How to Install and Use Progressive Web Apps (PWAs) on Linux

Microsoft’s Windows holds the lion’s share when it comes to desktop operating systems and one of the biggest selling points that has since been the biggest hurdle for users looking to ditch the platform is support. apps.

There are tons of applications designed for Windows, which cannot be said for niche operating systems. However, this might change as more and more users rely on the internet and online tools to do their job.

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Enter the era of Progressive Web Apps, affectionately abbreviated as PWA. These Progressive Web Apps are just that, us-based apps and as such can be installed to run on any platform with a compatible or supported web browser.

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We recently looked at how to install Progressive Web Apps on Chromebooks and since Linux is just as exciting, why not show you how?

How to Install PWA on Linux

Now, it’s important to note that not all websites support PWA and your mileage may vary depending on your workflow and the online tools and platforms you use. To get started, you need to be running Google Chrome or a Chromium-based web browser.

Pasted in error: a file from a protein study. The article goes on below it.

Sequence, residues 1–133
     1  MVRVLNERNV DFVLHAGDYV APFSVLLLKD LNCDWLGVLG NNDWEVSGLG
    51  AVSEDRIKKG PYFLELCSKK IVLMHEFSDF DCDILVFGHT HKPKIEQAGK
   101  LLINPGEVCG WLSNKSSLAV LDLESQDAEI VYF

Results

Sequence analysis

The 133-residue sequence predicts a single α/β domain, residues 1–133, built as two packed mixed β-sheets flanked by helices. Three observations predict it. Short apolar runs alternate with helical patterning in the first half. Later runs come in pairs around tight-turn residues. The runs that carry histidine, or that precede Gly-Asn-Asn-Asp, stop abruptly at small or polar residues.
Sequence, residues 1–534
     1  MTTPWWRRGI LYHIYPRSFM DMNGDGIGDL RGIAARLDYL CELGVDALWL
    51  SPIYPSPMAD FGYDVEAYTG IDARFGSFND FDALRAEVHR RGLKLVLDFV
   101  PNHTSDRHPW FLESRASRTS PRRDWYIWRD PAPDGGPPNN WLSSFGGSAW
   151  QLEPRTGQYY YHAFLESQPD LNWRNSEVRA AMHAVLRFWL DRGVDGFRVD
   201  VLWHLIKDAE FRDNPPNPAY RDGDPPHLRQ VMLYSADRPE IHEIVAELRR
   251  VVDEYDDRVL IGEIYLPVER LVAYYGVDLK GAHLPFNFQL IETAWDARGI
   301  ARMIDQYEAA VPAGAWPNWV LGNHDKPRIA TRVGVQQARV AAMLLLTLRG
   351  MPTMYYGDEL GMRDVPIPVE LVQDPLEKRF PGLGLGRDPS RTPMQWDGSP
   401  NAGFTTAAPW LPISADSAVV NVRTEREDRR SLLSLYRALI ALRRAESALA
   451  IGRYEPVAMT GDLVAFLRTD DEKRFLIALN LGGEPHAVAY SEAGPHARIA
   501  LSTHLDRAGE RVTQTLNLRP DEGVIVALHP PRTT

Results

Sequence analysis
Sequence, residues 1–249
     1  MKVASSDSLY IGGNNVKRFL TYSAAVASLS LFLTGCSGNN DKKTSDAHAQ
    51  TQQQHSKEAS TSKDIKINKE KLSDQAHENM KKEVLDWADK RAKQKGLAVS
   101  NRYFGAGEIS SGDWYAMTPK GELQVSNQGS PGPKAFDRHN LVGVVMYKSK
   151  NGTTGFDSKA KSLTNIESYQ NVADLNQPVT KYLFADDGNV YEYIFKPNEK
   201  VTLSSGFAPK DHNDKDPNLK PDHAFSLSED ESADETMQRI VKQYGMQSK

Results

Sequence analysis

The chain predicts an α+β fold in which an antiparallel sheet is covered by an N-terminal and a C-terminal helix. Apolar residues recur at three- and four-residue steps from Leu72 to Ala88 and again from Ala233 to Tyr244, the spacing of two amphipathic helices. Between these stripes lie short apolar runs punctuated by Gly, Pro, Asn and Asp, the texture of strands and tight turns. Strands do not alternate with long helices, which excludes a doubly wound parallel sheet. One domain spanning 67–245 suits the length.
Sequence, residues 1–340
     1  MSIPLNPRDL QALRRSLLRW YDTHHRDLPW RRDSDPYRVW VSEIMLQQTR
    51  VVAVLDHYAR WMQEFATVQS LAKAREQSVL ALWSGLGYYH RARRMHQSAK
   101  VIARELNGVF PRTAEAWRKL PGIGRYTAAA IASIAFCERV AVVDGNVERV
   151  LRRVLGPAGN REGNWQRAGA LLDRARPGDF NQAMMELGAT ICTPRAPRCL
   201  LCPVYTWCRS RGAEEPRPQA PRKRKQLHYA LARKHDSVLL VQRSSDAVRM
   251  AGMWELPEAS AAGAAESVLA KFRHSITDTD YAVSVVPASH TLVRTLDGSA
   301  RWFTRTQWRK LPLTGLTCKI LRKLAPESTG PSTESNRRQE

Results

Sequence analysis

Some of the browsers I’ve had success with include:

  • Google Chrome
  • Chromium Browser
  • Vivaldi
  • brave navigator
  • Microsoft Edge

Using your preferred supported browser, simply navigate to your favorite website or supported online tool. In this demonstration, I will install Google Meet.

You know the website supports PWA when you see this icon in your address bar. It will look slightly different on your browser, but it should appear as soon as the page fully loads.

Click on it and you will see a pop-up informing you that you can install the application on your Linux computer. Click on Install and that’s all!

Install PWAs

Your application should now open in a standalone window and, depending on your distro, you should see a Service Dock icon. The app will also be installed in your launcher.

You can do the same on Linux for as many online services as you want as long as they support PWA. It’s a great way to build your own workflow and ecosystem of apps that work well no matter what operating system you’re on.

Although there will always be room for specialized applications like AutoCAD, PhotoShop, Adobe Premiere, Final Cut Pro, etc. for professionals, the average user will be more than comfortable with Progressive Web Apps and we recommend people try out these lesser-known apps. Operating systems.